1000th Oceanic Manta Ray Maldives

1000th Oceanic Manta Ray Maldives - Merchant Navy Info - News

One thousand individual oceanic manta rays have now been identified in Maldivian waters. According to the Maldives Manta Conservation Programme (MMCP), the Manta Trust’s flagship project, the 1,000th individual was confirmed. Thus, the Maldives is home to the world’s third-largest species population.

The manta is named ‘Anbu,’ which means mango in Dhivehi, the language of the Maldives.

Oceanic mantas (Mobula birostris) are the world’s largest ray species. Their wingspan can reach up to 7 meters. Almost as long as an iconic London Routemaster bus. Hence why they are also known as giant mantas.

These gentle giants, which feed on plankton, can be identified by the markings on their underside.

“Manta rays can be identified by the unique spot pattern on their belly, much like a human fingerprint,” explains Fauz Fath-hee, RahVeshi Programme Coordinator at MMCP.

“We dive down below the manta ray, either by scuba diving or freediving, to take a photo of the spots on the manta rays’ bellies and we log each sighting in our ever-growing database.”

The charity has been studying mantas in the Maldives since 2005 but has ID photos dating back to 1996.

Citizen scientists and local scuba diving centers have also contributed photos supporting this important research.

Although the Maldives comprises 1,200 islands. Nearly all sightings (85%) were from Fuvahmulah Atoll, an oceanic island in the south of the country known for its tiger shark dives.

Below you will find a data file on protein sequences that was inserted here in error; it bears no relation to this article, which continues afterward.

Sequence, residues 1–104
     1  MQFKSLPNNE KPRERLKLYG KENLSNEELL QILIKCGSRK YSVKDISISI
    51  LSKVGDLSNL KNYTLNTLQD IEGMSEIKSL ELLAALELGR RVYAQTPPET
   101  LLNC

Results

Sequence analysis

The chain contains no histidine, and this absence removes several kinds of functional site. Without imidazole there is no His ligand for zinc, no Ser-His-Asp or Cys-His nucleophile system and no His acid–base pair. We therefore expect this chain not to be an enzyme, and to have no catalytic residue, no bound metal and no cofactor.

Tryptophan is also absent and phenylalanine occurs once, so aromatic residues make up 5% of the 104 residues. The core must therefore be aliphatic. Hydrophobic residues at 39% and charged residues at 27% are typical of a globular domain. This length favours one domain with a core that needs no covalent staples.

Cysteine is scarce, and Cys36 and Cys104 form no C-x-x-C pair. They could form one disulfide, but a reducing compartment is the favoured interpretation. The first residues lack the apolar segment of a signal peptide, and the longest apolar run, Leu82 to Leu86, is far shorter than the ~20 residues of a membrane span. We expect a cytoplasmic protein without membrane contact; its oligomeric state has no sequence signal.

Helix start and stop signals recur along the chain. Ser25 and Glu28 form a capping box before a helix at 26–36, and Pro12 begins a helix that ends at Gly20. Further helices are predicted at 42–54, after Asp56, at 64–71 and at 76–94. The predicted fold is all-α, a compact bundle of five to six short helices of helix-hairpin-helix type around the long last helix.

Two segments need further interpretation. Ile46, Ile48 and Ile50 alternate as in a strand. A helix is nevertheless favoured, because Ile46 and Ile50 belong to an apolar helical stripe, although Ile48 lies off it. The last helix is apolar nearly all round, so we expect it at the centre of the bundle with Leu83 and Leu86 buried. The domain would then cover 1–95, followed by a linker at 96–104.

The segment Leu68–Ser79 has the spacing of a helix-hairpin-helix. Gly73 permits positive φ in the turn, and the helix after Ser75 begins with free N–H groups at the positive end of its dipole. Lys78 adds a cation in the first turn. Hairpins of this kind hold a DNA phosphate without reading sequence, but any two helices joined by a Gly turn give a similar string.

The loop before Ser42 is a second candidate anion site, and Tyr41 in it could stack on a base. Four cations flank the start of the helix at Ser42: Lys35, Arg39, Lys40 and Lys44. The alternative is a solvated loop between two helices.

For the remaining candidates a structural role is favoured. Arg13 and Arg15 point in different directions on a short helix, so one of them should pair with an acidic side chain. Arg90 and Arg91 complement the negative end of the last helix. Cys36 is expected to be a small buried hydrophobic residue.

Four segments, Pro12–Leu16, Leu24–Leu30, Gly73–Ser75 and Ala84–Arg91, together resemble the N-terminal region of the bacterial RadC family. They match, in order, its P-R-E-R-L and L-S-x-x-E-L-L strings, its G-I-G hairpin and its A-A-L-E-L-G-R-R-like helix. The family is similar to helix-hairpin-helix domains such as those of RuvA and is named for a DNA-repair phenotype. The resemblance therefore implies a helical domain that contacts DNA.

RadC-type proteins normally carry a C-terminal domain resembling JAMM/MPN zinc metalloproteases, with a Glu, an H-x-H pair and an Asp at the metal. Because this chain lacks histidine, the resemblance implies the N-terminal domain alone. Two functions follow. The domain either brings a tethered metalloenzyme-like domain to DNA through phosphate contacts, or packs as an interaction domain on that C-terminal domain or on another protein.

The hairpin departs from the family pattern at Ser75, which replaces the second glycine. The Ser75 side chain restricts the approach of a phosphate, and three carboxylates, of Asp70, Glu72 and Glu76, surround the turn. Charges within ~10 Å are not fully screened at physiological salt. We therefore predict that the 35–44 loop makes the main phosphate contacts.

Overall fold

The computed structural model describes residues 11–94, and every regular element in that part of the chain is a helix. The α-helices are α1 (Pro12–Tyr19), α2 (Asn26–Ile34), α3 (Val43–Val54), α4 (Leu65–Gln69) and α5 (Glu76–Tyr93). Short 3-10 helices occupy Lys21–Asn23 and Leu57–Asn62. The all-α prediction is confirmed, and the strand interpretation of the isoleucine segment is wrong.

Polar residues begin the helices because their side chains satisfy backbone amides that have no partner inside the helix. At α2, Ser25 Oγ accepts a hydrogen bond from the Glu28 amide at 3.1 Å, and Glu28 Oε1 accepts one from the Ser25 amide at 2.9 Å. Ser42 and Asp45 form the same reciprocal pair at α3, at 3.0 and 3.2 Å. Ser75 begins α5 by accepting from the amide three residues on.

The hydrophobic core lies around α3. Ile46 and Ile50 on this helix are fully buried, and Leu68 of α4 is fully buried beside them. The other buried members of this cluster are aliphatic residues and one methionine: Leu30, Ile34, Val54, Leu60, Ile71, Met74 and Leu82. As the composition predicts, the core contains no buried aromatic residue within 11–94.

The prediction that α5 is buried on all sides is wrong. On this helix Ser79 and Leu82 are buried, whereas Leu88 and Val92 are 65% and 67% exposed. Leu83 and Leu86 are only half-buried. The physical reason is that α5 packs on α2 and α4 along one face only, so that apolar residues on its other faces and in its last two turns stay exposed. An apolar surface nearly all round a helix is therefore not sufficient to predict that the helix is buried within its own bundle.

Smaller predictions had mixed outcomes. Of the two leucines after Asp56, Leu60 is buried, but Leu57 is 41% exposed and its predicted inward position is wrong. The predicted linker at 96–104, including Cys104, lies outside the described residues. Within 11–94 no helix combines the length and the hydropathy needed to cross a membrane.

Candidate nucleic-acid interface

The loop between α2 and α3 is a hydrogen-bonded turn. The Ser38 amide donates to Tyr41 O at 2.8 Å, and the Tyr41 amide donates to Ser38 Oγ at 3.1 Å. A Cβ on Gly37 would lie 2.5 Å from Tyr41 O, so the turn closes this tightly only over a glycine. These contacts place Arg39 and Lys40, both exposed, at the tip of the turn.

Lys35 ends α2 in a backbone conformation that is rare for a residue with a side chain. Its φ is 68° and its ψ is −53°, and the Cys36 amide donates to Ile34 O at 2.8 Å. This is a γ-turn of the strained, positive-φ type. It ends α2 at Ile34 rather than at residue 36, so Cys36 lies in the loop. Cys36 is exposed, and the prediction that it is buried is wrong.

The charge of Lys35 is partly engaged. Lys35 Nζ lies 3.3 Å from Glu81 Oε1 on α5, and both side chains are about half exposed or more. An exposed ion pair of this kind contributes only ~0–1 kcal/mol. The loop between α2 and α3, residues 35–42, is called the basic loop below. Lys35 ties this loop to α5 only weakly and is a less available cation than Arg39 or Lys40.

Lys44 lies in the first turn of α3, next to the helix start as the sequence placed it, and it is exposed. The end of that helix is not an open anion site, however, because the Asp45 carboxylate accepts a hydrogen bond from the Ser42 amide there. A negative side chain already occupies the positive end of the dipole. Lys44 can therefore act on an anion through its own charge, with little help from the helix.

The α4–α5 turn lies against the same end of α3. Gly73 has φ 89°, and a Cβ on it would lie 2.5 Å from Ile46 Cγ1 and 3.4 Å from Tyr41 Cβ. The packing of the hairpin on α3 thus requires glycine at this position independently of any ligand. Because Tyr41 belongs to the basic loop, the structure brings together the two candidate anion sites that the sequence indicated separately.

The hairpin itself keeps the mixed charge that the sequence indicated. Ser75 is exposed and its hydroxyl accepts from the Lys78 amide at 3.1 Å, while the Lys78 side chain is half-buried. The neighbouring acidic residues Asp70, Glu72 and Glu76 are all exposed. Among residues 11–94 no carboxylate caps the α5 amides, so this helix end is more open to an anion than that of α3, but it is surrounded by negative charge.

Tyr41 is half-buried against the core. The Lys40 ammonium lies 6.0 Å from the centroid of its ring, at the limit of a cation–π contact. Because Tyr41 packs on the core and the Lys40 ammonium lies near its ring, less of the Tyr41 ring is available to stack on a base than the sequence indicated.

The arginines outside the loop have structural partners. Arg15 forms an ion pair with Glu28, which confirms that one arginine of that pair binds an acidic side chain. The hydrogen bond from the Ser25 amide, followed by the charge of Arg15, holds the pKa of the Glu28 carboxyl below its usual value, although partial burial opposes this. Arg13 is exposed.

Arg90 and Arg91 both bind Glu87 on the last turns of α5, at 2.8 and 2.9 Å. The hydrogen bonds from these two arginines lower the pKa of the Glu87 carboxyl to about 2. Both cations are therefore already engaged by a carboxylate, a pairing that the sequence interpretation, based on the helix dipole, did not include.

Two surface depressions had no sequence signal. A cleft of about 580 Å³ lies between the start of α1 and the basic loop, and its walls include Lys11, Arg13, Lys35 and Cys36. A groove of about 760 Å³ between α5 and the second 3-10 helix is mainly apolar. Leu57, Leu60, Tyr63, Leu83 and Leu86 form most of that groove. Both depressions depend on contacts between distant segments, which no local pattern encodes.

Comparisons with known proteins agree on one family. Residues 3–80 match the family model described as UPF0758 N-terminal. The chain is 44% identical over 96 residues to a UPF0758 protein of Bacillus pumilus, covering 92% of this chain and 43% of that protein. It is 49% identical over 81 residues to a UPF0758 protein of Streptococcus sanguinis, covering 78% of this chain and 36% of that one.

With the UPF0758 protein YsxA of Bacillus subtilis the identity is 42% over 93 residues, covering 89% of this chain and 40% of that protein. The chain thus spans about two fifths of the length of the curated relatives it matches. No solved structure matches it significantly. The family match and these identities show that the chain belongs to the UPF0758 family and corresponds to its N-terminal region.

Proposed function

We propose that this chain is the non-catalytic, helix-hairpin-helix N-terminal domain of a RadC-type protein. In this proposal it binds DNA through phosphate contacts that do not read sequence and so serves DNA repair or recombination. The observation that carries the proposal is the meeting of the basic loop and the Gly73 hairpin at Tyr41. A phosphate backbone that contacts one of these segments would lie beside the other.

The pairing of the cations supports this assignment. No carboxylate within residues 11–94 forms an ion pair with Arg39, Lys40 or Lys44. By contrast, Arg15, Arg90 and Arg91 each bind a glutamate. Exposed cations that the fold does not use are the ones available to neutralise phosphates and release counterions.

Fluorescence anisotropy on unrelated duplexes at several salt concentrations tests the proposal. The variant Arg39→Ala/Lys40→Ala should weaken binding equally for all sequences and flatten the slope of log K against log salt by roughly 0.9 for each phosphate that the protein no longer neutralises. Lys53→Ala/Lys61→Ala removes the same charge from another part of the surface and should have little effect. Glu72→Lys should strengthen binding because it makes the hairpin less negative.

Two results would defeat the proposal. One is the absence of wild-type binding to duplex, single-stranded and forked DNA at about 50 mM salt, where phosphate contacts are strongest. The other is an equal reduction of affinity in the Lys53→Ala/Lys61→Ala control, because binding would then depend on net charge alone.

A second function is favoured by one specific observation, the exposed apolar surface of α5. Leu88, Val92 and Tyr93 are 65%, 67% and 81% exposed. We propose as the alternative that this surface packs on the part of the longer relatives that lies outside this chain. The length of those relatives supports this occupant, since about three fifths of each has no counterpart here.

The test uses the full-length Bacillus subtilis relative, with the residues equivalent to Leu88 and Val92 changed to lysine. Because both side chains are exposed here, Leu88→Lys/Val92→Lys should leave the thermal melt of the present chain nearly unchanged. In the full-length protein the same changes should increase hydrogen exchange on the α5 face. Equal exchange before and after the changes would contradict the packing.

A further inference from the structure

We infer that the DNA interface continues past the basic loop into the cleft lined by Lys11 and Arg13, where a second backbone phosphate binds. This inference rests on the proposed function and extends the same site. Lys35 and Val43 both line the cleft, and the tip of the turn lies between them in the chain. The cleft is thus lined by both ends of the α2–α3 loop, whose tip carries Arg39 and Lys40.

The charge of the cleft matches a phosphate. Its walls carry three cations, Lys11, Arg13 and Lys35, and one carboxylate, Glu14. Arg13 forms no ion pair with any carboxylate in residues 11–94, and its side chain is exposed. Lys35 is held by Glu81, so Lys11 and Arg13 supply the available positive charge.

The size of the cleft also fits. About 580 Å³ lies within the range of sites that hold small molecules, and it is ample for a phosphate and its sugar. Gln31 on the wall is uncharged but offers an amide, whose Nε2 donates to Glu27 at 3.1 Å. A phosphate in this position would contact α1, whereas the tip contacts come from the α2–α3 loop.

With 1,000 individuals in its waters, the Maldives is home to the world’s third-largest population of giant mantas (it also has the most reef mantas (Mobula alfredi), with over 5,000 individuals).

Ecuador has the largest oceanic manta population, “with 2,803 confirmed individuals but an estimated 22,316 individuals based on Proyecto Mantas Ecuador’s data,” says Fath-hee.

Maldives Nears #2 in Manta Rays

The Pacific Manta Research Group has identified nearly 1,400 individuals in the Revillagigedo Archipelago in Mexico’s Eastern Pacific waters. “so, the Maldives population is very close to becoming the second largest,” he adds. The Indonesian archipelago of Raja Ampat is fourth with 588 individuals. 

The researchers still need to fully understand why there are so many manta rays in the Maldives.

“Unlike other oceanic manta ray aggregation sites, there is limiting feeding, cleaning, or courtship behavior observed,” says Fath-hee, who believes the rays may be transiting. They are usually seen for only a day or two and re-sighting rates are low. “Where they are coming from and where they are going is still a mystery,” he says. 

Conservationists are hopeful that at least 1,000 oceanic mantas have been confirmed to exist despite being threatened. According to the IUCN Red List of Threatened Species.

However, they are concerned the animals might be swimming on to Sri Lanka, where they could be under threat.

“Oceanic manta rays are known to swim great distances, with some individuals traveling thousands of kilometers in search of food, mating opportunities, and suitable habitats,” says Fath-hee

Sri Lanka, just 1,000km away, has the world’s largest oceanic manta ray fishery. It is believed to catch around 1,000 individuals yearly. “There’s a high possibility that these rays could be moving between the protected waters of the Maldives and Sri Lanka’s waters where they face a high risk of being fished,” he says. 

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